The UK had a lot to do to pick itself up after the devastation of World War II. And asbestos, then a wonder insulation material, had a big part to play.
Being both heat and fire resistant, asbestos was lapped up by manufacturing industries, and ploughed into everything from homes and their appliances to ships and cars.
Sadly, the microscopic fibres of asbestos that workers were breathing in would go on to cause a different kind of devastation in the years to come.
It wasn’t long before patterns of disease in these workers began to arouse suspicion, and in 1960 its link with a type of cancer called mesothelioma was first documented.
With cases of this disease rising in the UK, one of our scientists led research that showed there’s no such thing as a ‘safe’ level of exposure to asbestos (this blog post has the full story).
That crucial work led to new laws protecting future generations from asbestos exposure – its use has been banned in the UK since 1999. But that’s not the end of the story.
The UK still sees around 2,700 cases of mesothelioma each year, and the problem is far from limited to this country. Survival for the disease also remains stubbornly low, with few treatment options available.
So now, much like the early discoveries around asbestos and health, small pockets of the research community are chipping away at the scientific challenge of mesothelioma, and the best ways to tackle it.
What is mesothelioma?
Mesothelioma is a cancer that starts in the mesothelium – the delicate layers of cells that wrap around most of our internal organs. The majority of cases develop in the chest, called pleural mesothelioma, but some can occur in the abdomen, known as peritoneal mesothelioma.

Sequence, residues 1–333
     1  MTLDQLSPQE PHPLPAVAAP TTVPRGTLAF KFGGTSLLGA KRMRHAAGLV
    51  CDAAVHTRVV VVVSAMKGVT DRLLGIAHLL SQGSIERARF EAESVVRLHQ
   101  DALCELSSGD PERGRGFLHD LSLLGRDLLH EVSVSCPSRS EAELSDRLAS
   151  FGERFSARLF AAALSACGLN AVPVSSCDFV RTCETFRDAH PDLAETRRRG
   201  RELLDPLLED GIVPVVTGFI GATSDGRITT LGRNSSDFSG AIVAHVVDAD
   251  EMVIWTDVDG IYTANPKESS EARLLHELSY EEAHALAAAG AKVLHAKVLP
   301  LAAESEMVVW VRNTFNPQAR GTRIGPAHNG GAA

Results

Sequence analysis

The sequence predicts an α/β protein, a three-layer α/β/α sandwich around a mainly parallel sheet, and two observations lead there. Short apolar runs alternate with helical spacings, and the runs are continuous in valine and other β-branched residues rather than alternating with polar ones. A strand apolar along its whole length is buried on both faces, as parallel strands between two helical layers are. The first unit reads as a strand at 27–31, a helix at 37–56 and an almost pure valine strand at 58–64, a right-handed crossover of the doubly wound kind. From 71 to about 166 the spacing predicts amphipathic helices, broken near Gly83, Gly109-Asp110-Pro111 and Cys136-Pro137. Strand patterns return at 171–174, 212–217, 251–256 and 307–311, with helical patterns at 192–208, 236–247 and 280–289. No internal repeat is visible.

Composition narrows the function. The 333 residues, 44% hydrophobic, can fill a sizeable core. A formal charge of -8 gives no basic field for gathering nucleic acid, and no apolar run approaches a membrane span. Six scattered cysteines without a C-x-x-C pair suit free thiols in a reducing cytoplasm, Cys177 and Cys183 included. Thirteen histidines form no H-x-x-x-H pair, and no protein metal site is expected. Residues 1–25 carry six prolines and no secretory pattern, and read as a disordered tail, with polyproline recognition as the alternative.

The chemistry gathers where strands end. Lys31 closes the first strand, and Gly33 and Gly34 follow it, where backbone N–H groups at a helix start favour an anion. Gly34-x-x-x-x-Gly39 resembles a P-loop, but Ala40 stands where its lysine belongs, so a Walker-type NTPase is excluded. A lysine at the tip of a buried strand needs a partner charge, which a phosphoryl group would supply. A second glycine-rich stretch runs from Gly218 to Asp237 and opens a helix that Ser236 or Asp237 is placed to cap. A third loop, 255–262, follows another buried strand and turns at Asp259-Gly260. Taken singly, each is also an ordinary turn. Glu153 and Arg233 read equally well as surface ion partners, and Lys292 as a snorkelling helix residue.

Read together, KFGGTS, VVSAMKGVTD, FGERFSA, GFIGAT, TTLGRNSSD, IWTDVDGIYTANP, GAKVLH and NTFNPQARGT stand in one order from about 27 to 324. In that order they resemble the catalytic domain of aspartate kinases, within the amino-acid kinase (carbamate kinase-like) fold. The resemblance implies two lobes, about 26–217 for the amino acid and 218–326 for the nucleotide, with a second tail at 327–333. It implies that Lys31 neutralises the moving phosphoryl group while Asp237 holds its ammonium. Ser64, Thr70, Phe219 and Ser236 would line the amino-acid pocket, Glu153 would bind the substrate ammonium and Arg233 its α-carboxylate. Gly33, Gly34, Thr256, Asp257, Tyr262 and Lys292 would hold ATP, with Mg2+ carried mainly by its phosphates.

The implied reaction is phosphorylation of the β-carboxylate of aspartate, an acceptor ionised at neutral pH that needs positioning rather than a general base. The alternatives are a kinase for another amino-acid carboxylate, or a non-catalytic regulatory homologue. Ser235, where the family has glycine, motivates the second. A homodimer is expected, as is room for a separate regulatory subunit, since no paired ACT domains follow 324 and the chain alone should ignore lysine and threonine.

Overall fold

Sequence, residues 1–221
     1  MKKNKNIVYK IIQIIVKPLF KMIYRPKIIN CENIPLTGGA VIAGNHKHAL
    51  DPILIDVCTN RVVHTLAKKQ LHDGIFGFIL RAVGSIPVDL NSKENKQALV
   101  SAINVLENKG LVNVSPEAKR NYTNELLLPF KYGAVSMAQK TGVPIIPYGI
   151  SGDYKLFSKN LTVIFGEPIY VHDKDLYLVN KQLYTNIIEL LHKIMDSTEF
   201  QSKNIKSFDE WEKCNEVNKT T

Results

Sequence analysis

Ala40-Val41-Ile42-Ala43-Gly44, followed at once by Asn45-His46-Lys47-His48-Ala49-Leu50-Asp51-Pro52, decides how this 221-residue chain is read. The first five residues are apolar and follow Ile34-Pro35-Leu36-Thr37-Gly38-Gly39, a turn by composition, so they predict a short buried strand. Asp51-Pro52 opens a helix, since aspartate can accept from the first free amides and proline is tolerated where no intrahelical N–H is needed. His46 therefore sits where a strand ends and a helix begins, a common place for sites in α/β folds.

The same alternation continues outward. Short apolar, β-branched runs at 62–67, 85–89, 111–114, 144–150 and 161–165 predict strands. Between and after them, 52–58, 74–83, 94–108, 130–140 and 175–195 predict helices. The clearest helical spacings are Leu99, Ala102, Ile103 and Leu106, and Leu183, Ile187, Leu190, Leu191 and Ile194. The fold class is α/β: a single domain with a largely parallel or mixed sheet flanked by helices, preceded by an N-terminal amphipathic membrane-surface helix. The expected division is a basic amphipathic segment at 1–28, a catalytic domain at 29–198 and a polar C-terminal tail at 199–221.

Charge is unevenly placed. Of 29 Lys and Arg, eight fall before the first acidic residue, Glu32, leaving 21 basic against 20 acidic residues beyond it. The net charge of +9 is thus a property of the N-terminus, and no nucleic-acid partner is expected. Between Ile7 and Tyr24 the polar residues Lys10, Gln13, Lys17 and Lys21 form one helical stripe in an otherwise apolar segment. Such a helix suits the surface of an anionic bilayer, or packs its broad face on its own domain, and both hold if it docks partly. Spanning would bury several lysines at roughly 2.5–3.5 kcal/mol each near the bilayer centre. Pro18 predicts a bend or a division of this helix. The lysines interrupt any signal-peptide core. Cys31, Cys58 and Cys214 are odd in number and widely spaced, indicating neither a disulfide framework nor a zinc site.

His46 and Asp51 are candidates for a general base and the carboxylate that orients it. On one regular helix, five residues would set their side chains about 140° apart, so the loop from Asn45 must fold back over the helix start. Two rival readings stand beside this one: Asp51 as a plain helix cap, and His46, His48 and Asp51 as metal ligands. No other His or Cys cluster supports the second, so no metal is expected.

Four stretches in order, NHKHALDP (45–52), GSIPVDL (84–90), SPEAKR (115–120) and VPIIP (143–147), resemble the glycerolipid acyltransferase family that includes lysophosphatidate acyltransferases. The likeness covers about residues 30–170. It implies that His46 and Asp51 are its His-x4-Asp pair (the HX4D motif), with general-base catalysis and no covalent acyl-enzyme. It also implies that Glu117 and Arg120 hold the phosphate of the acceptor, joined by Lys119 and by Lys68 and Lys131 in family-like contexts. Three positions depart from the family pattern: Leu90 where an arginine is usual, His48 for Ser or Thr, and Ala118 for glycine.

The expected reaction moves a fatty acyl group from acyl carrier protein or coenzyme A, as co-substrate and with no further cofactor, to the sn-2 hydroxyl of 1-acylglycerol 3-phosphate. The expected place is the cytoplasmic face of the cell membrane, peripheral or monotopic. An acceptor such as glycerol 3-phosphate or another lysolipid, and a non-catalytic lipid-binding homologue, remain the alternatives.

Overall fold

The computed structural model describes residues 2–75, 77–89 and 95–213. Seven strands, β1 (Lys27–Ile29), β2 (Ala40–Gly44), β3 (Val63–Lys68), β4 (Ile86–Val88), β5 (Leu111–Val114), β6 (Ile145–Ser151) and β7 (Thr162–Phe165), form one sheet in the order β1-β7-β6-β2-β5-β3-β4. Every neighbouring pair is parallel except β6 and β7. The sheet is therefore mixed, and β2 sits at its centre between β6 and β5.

The disease is much more common in men than women, with around 5 times as many men being affected in the UK each year. This is most likely because of exposure to asbestos in industries that have traditionally been more male-dominated. And the cases in women over the years are likely down to handling clothing contaminated with asbestos.
Survival for mesothelioma depends on a number of factors, such as how old a person is when they develop the disease, their gender, and how far advanced the disease is when it’s diagnosed. But broadly speaking, the outlook in the UK is poor, with only around 5 in 100 men surviving their disease for 5 years or more, and 10 in 100 women.
Such low survival is partly down to the fact that many people are diagnosed late, when the disease has spread and become more difficult to treat. That’s because early stages of the disease don’t really come with many symptoms, and some of the symptoms that might appear – like a persistent cough – could be tied to much less serious conditions.
Another reason for low survival, explains Professor Dean Fennell, a Cancer Research UK-funded expert on mesothelioma from the University of Leicester, is the lack of effective treatments.
“There has really only been one standard of care since 2003, which is based on chemotherapy,” he says.
So what’s going on to make treatments better?
Understanding mesothelioma biology
The more scientists know about a cancer, the more precise they can make treatments. And that’s what is going on right now with mesothelioma.
“Recently there have been some significant advances in our understanding of the biology of the disease,” says Fennell. “Perhaps some of the most significant are the discovery that immune ‘checkpoints’ may be a target.”
These ‘checkpoints’ refer to molecules in the body that are sensed by the immune system to prevent it from attacking healthy tissue or becoming out of control. But cancer cells can co-opt this system, using it to tell the immune system not to attack. That’s why scientists have developed immunotherapy drugs that target these checkpoints, called checkpoint inhibitors.
- Check out this video for more info on how checkpoint inhibitors work.